155 Shew minutes, times, and hours :--but my time The Prison at Pomfret Castle.

Runs posting on in Bolingbroke's proud jov, Enter King Richurd.

While I stand fooling here, his jack o'the clock“. K. Rich. I have been studying how to compare This music mads me, let it sound no more; This prison, where I live, unto the world; For, though it hath holp madmen to their wits, And, for because the world is populous,

in me, it seems, it will make wise men mad. i That is, ercuse me. 2 The abbot of Westminster was an ecclesiastic; but the brother-in-law meant was Jobu duke of Exeter and earl of Huntingdon (own brother to king Richard II.) and who had married with the lady Elizabeth, sister of Henry of Bolingbroke. "By the word I


is meant the Scriptures. To jar probably here means, tu make that noise which is called ticking.

Watch seems to be used in a double sense, for a quantity of time, and for the instrument which measure, time. oi. e. I strike for him.




Yet, blessing on his heart that gives it me! That staggers thus my person.-Exton, thy fierce For 'tis a sign of love; love to Richard


[land. Is a strange brooch' in this all-hating world. Hath with the king's blood stain’d the king's own

Mount, mount, my soul! thy seat is up on high; Enter Groom.

5 Whilst my gross flesh sinks downward, here to die. Groom. Hail, royal prince!

[Dies. K. Rich. Thanks, noble peer;

Exton. As full of valour as of royal blood: The cheapest of us is ten groats too dear. Both have I spilt; Oh, would the deed were good! What art thou? and how comest thou hither, For now the devil, that told me-I did well, Where no man ever comes, but that sad dog? 10 Says, that this deed is chronicled in hell. That brings me food, to make misfortune live? This dead king to the living king I'll bear ;

Groom. I was a poor groom of thy stable, king, Take hence the rest, and give them burial here. When thou wert king; who, travelling towards

[Excunt. York, With much ado, at length have gotten leave 15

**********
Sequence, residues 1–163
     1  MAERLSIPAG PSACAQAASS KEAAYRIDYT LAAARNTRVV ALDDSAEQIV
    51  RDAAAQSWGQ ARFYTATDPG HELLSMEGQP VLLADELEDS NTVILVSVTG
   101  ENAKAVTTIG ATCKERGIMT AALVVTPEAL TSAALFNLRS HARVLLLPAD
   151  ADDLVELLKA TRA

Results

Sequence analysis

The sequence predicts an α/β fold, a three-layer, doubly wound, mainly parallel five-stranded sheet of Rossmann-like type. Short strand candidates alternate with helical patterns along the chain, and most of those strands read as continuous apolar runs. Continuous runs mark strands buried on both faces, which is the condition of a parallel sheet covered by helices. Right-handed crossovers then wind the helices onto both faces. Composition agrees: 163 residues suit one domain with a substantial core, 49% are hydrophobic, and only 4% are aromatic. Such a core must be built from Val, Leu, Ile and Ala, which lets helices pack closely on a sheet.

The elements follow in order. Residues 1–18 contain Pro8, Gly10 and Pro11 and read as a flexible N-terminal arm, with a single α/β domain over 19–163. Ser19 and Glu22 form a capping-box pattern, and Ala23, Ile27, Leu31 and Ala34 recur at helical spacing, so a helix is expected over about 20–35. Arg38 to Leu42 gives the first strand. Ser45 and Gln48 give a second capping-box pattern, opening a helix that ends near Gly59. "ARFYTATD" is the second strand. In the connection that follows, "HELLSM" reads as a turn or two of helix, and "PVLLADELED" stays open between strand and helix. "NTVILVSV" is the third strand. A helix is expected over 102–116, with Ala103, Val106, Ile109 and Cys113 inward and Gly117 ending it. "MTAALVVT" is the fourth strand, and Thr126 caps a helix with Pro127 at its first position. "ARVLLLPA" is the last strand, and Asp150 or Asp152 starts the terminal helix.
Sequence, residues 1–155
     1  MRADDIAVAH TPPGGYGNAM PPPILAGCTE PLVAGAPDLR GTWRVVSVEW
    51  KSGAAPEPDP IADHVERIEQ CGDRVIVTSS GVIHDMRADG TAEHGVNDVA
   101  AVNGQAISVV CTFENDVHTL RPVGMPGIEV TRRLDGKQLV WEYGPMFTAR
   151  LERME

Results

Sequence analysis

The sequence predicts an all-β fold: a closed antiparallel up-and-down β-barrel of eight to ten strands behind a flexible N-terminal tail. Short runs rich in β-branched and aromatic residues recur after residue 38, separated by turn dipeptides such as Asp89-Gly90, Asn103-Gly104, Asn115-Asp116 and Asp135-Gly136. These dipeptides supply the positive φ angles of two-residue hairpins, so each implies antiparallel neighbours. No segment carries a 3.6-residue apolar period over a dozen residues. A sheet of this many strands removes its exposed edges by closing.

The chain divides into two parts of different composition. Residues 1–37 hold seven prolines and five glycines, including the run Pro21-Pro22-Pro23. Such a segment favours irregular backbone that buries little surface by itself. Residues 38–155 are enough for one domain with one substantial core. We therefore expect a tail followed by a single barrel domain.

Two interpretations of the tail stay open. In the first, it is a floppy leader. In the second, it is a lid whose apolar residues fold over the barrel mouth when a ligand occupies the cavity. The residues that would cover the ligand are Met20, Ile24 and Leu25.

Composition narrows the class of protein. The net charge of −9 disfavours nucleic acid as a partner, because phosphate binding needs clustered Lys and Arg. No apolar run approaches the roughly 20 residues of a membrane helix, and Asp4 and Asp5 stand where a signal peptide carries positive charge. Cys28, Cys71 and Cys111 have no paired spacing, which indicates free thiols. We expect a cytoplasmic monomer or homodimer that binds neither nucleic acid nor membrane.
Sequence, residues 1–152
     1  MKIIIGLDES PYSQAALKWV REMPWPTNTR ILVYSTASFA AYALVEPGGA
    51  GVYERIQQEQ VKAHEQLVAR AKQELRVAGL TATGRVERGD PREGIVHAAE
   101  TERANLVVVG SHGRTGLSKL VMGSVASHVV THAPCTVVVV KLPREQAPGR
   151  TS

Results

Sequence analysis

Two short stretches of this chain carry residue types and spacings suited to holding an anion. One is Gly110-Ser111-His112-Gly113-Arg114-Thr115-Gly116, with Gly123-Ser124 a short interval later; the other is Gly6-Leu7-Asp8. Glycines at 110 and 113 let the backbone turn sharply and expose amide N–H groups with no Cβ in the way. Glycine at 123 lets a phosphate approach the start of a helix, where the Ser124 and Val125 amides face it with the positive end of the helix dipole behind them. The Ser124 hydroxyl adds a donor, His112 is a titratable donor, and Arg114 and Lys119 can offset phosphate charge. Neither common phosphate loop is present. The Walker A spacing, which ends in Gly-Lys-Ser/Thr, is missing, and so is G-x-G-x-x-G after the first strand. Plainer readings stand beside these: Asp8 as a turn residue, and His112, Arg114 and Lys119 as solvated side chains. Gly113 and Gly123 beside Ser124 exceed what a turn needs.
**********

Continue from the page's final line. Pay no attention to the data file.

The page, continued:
VI. To look upon my sometime royal master's face.

The Court at Windsor, 0, how it yearn'd my heart, when I beheld, In London streets, that coronation day,

Flourish. Enter Bolingbroke, York, with other When Bolingbroke rode on roan Barbary!

Lords and attendants. That horse, that thou so often hath bestrid; 20 Boling. Kind uncleYork,the latest news we hear, That horse, that I so carefully have dress’d! Is—that the rebels have consuni'd with fire K. Rich. Rode be on Barbáry? Tell


gentle Our town of Cicester in Glostershire; friend,

But whether they be ta’en, or slain, we hear not. How went he under him?

Enter Northumberland.
Groom. So proudly, as if he disdain'd the ground. 25
K. Rich. So proud, that Bolingbroke was on his

Welcome, my lord: What is the news? [ness. back!

North. First to thy sacred state wish I all happiThat jade hath eat bread froin my royal hand ; The next news is,- I have to London sent This hand hath made him proud with clapping him; The heads of Salisbury, Spencer, Blunt, and Kent: Would he not stumble? Would he not fall down, 30 The manner of their taking may appear (Since pride must have a fall) and break the neck At large discoursed in this paper here. Of that proud man, that did usurp his back?